Contextual Dissociation in Mental Health Treatment
Evidence-informed treatment guidelines for complex dissociation include dissociation-informed phasic psychotherapy that emphasizes safety and stabilization (International Society for the Study of Trauma and Dissociation, 2011). This psychotherapeutic treatment for complex dissociation can be empowering within a multicultural framework; yet there remain calls to include those with lived experiences of complex dissociation in the revision of these guidelines (Christensen, 2022). There is also a call for the integration of social action, such as advocating against the societal denial of dissociation and changing social policies, alongside trauma- and dissociation-informed treatment (Pierorazio et al., 2023). Social action could address treatment barriers for people who dissociate. Considering the contextual nature of dissociation, mental health professionals working with people who dissociate should consider using culturally-responsive, trauma-informed, and social justice-oriented interventions (Dupuis-Rossi & Reynolds, 2018). For example, community-based, culturally-consistent healing methods may be most beneficial for possession experiences (e.g., Indigenous healing; Kirmayer et al., 2003). It is important for researchers, clinicians, and activists to understand that treatments should acknowledge the systems in which we live, validate clients’ lived experiences, and be culturally-relevant.
Future Directions for the Field of Trauma and Dissociation
Consistent with the calls for researchers and clinicians to hold a more contextualized understanding of dissociation, professionals in the field must learn to acknowledge the layers of identity, culture, and systems that can affect dissociation in complex ways. Stigma has complicated our progress in understanding dissociation from a multicultural perspective. A more contextualized understanding of dissociation may be reached by moving away from medical model conceptualizations. In particular, the assumption of universality regarding the pathological nature of dissociation may be harmful to the nuance of how dissociation is experienced.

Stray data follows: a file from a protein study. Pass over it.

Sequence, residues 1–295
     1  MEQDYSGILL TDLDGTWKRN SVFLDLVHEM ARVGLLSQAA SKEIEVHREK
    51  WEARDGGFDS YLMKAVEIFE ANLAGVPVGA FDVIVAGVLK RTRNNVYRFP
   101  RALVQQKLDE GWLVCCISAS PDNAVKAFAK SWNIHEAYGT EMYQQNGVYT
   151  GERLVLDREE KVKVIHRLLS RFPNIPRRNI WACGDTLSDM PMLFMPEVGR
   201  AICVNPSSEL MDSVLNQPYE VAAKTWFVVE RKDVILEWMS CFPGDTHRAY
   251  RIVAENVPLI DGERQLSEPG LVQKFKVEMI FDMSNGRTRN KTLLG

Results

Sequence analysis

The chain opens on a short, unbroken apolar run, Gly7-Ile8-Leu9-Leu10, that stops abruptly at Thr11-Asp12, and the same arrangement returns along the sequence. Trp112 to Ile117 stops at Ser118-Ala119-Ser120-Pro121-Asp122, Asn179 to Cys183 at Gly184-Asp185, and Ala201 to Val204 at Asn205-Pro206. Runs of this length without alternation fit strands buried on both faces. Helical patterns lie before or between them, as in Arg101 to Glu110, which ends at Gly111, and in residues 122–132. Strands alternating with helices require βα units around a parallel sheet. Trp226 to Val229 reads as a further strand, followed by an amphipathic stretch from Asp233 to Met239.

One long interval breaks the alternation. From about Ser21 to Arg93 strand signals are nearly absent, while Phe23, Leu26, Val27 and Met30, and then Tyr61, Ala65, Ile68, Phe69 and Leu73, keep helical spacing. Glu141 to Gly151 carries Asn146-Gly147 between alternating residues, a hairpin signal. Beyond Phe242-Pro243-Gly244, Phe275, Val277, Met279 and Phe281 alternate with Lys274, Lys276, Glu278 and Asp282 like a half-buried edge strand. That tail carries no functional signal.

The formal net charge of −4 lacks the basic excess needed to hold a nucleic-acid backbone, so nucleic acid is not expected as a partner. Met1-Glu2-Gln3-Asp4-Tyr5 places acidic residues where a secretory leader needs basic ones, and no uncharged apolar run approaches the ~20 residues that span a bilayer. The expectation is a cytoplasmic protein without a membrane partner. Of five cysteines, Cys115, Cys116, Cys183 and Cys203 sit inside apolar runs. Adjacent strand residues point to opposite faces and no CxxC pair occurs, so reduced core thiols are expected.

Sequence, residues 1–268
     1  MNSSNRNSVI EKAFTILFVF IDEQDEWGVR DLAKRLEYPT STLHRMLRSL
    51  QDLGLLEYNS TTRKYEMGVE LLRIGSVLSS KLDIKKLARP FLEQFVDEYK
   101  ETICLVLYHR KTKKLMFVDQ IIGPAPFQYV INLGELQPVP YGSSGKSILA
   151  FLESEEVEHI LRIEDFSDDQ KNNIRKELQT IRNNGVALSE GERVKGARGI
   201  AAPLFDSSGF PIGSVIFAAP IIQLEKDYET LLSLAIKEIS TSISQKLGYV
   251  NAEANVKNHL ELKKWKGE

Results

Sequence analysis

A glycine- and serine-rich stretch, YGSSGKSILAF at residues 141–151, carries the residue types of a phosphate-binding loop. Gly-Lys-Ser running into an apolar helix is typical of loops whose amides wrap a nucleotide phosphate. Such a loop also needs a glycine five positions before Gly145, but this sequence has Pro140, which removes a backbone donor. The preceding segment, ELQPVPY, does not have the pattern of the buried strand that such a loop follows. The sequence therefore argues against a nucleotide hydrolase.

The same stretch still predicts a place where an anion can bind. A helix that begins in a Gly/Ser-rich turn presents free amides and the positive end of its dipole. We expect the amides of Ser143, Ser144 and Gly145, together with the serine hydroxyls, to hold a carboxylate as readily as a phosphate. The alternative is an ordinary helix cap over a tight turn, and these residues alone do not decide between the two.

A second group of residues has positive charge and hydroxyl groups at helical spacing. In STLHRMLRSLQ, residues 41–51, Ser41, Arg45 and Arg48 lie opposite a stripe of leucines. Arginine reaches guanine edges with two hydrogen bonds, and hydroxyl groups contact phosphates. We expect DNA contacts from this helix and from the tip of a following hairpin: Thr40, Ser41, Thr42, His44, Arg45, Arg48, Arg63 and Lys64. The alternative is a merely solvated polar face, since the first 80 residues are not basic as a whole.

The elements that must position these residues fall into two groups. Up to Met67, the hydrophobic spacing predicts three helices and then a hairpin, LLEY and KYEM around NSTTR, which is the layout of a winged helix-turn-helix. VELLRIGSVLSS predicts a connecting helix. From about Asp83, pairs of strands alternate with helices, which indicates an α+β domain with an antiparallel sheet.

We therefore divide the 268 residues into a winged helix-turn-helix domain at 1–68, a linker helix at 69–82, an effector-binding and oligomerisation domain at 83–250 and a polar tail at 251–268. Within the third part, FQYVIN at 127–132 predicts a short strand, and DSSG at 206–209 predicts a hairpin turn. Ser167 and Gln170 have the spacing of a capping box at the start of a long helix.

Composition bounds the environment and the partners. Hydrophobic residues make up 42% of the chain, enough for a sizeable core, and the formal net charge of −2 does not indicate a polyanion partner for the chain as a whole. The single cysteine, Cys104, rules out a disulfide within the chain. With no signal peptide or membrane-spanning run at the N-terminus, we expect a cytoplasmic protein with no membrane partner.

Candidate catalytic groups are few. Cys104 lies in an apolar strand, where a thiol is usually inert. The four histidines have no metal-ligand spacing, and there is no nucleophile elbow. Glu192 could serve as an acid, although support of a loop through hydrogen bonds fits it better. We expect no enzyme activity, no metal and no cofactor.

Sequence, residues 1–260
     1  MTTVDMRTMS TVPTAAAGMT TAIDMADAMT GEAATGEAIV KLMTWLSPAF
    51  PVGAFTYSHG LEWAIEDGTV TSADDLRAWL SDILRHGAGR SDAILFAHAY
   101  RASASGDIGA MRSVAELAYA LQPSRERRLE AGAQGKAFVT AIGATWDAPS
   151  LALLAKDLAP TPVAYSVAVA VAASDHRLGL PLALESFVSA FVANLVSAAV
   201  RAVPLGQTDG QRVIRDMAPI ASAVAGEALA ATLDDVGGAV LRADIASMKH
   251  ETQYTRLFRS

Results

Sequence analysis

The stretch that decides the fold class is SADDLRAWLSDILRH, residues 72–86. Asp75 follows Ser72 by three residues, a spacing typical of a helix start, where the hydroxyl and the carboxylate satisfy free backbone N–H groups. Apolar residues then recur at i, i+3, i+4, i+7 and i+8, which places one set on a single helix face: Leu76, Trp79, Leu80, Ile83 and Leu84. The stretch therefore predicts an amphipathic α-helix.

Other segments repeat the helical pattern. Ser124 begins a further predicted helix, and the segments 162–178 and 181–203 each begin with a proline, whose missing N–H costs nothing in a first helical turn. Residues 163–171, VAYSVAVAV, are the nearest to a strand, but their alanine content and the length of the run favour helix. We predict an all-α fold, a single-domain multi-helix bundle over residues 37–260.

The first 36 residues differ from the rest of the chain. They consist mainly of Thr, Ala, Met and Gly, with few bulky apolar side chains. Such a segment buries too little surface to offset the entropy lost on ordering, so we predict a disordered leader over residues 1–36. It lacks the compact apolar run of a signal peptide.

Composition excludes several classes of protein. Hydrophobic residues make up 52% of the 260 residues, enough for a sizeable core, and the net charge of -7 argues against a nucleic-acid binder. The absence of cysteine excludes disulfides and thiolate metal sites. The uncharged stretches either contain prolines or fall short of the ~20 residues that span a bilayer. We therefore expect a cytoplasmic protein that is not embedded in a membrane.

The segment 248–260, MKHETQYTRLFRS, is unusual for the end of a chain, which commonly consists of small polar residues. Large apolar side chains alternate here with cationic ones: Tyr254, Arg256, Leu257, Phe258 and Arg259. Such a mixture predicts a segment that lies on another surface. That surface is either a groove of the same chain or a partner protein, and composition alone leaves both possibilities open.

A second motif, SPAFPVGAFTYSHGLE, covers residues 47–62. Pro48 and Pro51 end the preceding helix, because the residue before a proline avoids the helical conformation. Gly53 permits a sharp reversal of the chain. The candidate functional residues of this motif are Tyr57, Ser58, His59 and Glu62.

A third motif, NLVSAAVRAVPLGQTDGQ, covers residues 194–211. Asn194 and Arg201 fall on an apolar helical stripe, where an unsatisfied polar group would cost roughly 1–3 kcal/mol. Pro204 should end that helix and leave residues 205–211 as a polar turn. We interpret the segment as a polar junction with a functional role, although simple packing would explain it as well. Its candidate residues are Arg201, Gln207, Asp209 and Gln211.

There is a lack of research regarding dissociation-adjacent cultural identities, including being Plural. Research with multicultural approaches is necessary when considering these shifting cultures. Further, qualitative research may provide valuable insight into their implications for the budding understanding of plurality as a cultural identity. These methods would allow us to gain understanding from people with lived experiences of dissociation and/or plurality, voices that have historically been silenced. In the meantime, clinicians should consider empowering these voices by validating these cultural identities (Christensen, 2022).
Cultural traumas may precede complex dissociation; however, research regarding dissociation as a response to historical-cultural trauma is scarce. Further research should explore dissociation as a response to these traumas, such as institutional betrayals, cultural betrayals, intergenerational trauma, and other forms of insidious trauma such as microaggressions. To do so, exploration may begin with interdisciplinary and qualitative research through an intersectional, multicultural framework (Krüger, 2020a). Creativity and subjectivity may be essential resources to integrate into these approaches (Braun & Clarke, 2022), as well as in clinical practice. Truly addressing dissociation may require mental health professionals to push the bounds of what is generally accepted in psychology. Professionals in the field must explore the traumatic nature of oppression and its interaction with dissociative processes to fully understand dissociation and related healing.
NICHOLAS PIERORAZIO is a Research Assistant for the Treatment of Patients with Dissociative Disorders (TOP DD) Lab at Towson University. His research interests are trauma, dissociation, psychotherapy, and qualitative methodologies. He has worked on several studies in the TOP DD Lab and has spearheaded research examining multicultural considerations surrounding trauma and dissociation. His clinical experience includes working as a Mental Health Worker on a trauma disorders inpatient psychiatric unit.
CHRISTINA M. DARDIS, PhD, is an Assistant Professor of Psychology and Director of the Laboratory for Interpersonal Violence and Traumatic Stress Studies at Towson University. Her research interests include predictors and correlates of stalking and cyberstalking victimization and perpetration, the role of social support in interpersonal violence, empowerment self-defense, and intersections between gender and violence.
BETHANY BRAND, PhD, is a Professor at Towson University in Maryland and an expert in trauma disorders. Dr. Brand conducts research in five areas: treatment of dissociative disorders (TOP DD studies); methods for distinguishing dissociative disorders from malingering; the impact of training clinicians about trauma; investigating the trauma versus fantasy model of dissociation; and assessing the accuracy of textbooks’ information about trauma. In her private practice, she treats complex trauma patients and serves as an expert witness in trauma-related cases.